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NZ’s Department of Internal Affairs Partners for Digital Accessibility Course

Introduction to Digital Accessibility Delivering Inclusive Digital Content

The Department of Internal Affairs (DIA) is partnering with the Victoria University of Wellington to help make digital public services in New Zealand accessible to everyone through a new course.

According to a recent press release, Inclusive design is a key goal of the Government’s new Digital Service Design Standards.

About the Initiative

Introduction to digital accessibility: Delivering inclusive digital content, which is the new micro-credential, was developed for digital practitioners and leaders in the public, private and education sectors in close consultation with a number of national disabled people’s organisations.

Dr Gillian McCarthy from the University’s School of Design Innovation shared that it is a great opportunity to help create a standard of accessibility for the entire country

Developing this course with DIA and key disability organisations means that the University is offering a uniquely relevant course.

Dr McCarthy is one of three University staff members teaching the course, with contributions from DIA accessibility experts.

Web accessibility is about inclusiveness and a way to ensure no one is excluded. Having an accessible website actually provides a better user experience for everyone, not just people with disabilities.

Offered through the University’s Centre for Lifelong Learning, the six-week micro-credential includes the following:

  1. A focus on barriers to digital accessibility
  2. Cultural perspectives on accessibility
  3. How to create digital content that meets the New Zealand Government Web Accessibility Standard.

This is based on internationally recognised accessibility requirements.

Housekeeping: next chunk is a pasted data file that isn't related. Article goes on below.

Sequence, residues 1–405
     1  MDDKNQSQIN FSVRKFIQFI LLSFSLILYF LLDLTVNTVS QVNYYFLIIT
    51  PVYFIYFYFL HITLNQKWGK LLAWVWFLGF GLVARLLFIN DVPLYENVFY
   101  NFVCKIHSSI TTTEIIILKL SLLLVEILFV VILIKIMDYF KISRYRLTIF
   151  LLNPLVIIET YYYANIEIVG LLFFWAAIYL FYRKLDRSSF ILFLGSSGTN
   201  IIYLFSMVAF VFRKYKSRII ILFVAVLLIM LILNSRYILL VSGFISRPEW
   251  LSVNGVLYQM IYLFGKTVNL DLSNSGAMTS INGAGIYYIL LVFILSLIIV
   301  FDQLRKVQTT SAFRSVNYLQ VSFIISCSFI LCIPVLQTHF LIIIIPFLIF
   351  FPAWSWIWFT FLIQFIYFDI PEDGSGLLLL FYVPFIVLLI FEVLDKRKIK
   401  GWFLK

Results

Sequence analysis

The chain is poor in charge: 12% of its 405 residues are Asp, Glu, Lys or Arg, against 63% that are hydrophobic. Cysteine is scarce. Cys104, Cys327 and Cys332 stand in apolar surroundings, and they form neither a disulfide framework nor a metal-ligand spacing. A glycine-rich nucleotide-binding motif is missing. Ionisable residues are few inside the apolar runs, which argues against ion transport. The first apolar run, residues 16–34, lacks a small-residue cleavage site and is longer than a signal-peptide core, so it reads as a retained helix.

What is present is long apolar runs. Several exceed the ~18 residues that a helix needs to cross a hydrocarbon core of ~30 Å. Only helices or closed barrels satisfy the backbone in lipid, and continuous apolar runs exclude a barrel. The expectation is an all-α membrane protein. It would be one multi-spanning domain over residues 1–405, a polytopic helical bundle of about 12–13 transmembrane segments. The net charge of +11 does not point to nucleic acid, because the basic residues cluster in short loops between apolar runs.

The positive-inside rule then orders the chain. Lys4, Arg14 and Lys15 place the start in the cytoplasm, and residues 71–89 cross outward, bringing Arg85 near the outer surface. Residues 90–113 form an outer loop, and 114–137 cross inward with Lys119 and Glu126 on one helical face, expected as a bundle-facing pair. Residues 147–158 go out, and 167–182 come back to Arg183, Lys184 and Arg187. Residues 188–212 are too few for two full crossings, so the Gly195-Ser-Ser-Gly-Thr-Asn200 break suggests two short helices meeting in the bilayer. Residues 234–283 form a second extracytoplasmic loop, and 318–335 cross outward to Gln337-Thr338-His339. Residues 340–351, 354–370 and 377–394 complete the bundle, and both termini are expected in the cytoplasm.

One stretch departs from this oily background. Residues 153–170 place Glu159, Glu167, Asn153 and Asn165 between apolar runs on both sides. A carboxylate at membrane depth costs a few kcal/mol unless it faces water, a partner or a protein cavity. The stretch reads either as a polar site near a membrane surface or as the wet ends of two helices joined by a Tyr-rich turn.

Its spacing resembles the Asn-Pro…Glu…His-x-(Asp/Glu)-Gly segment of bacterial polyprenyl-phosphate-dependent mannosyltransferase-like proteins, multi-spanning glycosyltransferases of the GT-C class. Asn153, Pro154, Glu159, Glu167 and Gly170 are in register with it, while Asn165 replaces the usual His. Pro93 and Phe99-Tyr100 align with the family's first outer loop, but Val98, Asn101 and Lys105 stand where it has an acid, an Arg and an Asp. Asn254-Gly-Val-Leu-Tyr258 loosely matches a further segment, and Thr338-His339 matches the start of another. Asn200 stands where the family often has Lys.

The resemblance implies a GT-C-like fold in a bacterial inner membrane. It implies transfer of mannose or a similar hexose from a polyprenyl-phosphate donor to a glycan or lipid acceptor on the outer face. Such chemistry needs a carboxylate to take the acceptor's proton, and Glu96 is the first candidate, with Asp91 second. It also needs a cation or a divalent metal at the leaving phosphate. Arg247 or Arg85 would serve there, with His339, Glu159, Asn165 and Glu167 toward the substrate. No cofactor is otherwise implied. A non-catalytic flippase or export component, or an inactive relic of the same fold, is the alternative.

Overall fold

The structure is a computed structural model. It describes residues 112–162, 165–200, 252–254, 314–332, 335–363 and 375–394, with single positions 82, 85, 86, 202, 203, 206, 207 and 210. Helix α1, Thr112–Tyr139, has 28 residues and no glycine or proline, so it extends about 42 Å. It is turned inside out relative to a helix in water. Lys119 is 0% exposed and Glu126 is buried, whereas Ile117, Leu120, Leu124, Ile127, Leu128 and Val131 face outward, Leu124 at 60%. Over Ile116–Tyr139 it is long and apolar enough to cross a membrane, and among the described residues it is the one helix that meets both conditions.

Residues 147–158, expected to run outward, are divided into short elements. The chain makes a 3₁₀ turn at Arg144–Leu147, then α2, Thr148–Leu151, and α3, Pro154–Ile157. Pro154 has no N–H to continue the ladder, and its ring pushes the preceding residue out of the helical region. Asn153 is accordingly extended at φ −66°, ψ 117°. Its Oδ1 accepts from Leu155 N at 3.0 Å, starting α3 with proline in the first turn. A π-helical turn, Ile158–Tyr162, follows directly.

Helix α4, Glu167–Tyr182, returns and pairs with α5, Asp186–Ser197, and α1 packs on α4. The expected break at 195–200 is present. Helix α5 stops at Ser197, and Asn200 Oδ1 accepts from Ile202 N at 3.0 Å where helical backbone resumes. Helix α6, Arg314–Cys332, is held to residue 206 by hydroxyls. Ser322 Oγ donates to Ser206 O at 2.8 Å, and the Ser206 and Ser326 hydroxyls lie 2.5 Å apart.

Who are Involved?

Deputy Government Chief Digital Officer and DCE Digital Public Service branch, DIA Ann-Marie Cavanagh explained that partnering with Victoria University of Wellington to co-design this micro-credential was a natural fit.

The University’s education expertise together with the Department’s Web Standards knowledge equals an overview course that will reach a wider audience and be of great benefit.

This course will give people the tools to understand and improve digital accessibility, whatever sector they are in.

Micro-credentials are certified courses, usually short, which recognise the achievement of a defined set of skills and knowledge in a specific area.

Starting on 17 February 2020, the course on creating accessible digital content is the third micro-credential the University has produced, and more professional development courses are planned.

South Australia’s Digital Accessibility Policy

Digital access is important and the South Australian Government addressed this by launching a new online accessibility policy, and an online toolkit to help all South Australian organisations in creating more accessible digital platforms.

It is critical that government websites are developed to guarantee that everyone in the community can easily access them and that no one is left behind.

It is vital that online content is accessible for those most in need.

Not only should it help break down barriers for people with disability, but it should also allow them to participate independently in the community.

A plethora of people will be benefiting from the policy. They are:

  1. A person with vision impairment who requires a screen reader to navigate or contribute to a web page
  2. Older people with age-related challenges
  3. People with temporary incapacities such as a broken arm or lost glasses
  4. People using a slow internet connection or those who have limited or expensive bandwidth
  5. People using internet devices that may not be running the latest software versions
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